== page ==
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How An Introvert Can Survive An Open Office Concept

Aug 28, 2022

How An Introvert Can Survive An Open Office Concept


If you're an introvert, you probably know that it can be hard to work in an open office. Introverts need their alone time, and they often find themselves feeling easily distracted by their co-workers' conversations. But don't lose hope! If you try a few simple strategies, it's possible to thrive in an open-concept office environment as an introvert:

Don't forget your headphones.

A common mistake that people make when trying to work in an open office concept is forgetting their headphones. This can be a very costly mistake because it means that you have no way of getting any work done without being distracted by your co-workers. You should always be prepared for the worst (i.e., you'll forget your headphones) by bringing a backup pair of headphones and extra batteries for them if possible, as well as a third pair just in case one or both of those, fail on you."

Try to avoid sitting next to chatty coworkers.

The first thing to do is, to be honest with yourself. If your coworker’s constant chatter is driving you nuts, it’s okay to ask them to keep their distance or move somewhere else.

If you can't move your desk, try doing everything in your power to steer clear of that person as much as possible. You should also limit the time when you are forced into conversation with them. When a conversation starts up between the two of you, try ending it as quickly as possible by saying something like: "I have an important phone call coming in" or "I'm expecting an email from my boss."

Create space for yourself in the office.

  • Create a space for yourself.

  • Create a space where you can focus.

  • Create a space where you can be away from distractions.

  • Create a space where you can be away from the noise, like loud conversations or other people’s phone calls ringing in the background.

  • And finally, create a space where you can be away from people altogether, both physically and digitally (by closing your laptop).

Ask if you can telecommute some days a week.

If you’re an introvert working on a cubicle farm, it can be tough to stay productive when you have to deal with interruptions every few minutes. It might be worth asking your manager or HR department if you can telecommute some days of the week. You can explain how this will benefit both your company and yourself:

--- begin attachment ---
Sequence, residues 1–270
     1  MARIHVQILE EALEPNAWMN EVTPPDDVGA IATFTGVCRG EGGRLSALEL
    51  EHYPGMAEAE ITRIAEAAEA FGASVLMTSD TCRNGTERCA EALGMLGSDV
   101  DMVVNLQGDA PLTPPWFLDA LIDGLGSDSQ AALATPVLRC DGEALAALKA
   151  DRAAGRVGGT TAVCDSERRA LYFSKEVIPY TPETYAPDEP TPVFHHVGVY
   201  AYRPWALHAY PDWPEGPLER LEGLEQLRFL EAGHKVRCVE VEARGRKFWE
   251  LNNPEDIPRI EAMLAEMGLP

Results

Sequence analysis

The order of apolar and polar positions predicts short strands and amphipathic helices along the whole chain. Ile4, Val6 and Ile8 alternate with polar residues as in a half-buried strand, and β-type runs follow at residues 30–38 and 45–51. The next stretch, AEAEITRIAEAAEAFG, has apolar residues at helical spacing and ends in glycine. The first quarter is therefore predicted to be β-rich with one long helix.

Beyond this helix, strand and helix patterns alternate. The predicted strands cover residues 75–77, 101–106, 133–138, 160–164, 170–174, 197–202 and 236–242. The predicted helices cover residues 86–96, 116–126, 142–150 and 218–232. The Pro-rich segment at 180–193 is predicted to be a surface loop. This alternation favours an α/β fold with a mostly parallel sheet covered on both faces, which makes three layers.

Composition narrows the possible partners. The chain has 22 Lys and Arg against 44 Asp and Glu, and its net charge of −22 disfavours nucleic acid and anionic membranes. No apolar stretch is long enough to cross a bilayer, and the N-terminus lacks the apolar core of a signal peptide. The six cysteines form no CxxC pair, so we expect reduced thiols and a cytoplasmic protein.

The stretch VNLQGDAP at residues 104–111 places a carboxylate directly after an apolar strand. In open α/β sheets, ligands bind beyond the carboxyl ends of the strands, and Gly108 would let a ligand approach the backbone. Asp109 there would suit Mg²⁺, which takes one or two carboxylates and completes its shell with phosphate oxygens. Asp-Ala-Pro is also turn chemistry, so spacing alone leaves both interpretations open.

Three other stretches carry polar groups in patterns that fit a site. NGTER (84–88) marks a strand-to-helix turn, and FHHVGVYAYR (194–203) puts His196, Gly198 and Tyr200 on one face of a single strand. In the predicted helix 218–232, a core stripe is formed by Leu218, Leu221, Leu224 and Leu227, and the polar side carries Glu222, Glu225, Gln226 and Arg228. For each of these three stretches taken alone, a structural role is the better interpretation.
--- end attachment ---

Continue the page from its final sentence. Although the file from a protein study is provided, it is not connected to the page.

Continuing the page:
• Your work will be more focused because there aren’t as many distractions around you. This means that when you’re at home, your brain will be able to focus on one task at a time without being distracted by others nearby who are talking loudly over their phones or playing music from their personal playlist (which might not even match up well with the vibe that your boss wants for teambuilding exercises).

  • This should also make it easier for people in other departments to communicate with each other since they don't have to worry about interrupting people who may not want any distractions during specific times of day (and maybe don't want them ever).

  • If possible, try asking if there's another option besides just working at home all day long; perhaps some days could be spent telecommuting while others would require face-to-face interaction with coworkers away from the home base where everyone else can see each other too!

Find a space outside of the office to work from time to time.

  • Find a space outside of the office to work from time to time.

  • Make the most of your time outside of the office to work from time to time.

It's possible to be an introvert and have a job in an open-office concept, but it's important to take care of yourself.

There are ways to manage the situation, but it's important to remember that you need to take care of yourself. It's easy to get lost in the hustle and bustle of an open-office concept environment.

We all know that we need a break from time to time—it doesn't matter if you're introverted or extroverted (or somewhere in between). If you can, schedule some "me" time into your schedule at least once per day. This could be as simple as taking a walk around the block or grabbing some coffee with a friend during lunch break; doing so will give you peace of mind and help keep those pesky stress levels down.


You might not be able to fully avoid working in an open office, but you can make the most of it. It’s important to take care of yourself as an introvert. Don’t forget your headphones, try to avoid sitting next to chatty coworkers, and create space for yourself when possible. You also need to find a place outside of your office where you can work whenever possible (maybe even every day). Even though it may feel like there are more distractions than ever before at work due to open-concept offices, they don't have to be all bad if we just learn how our brains work!

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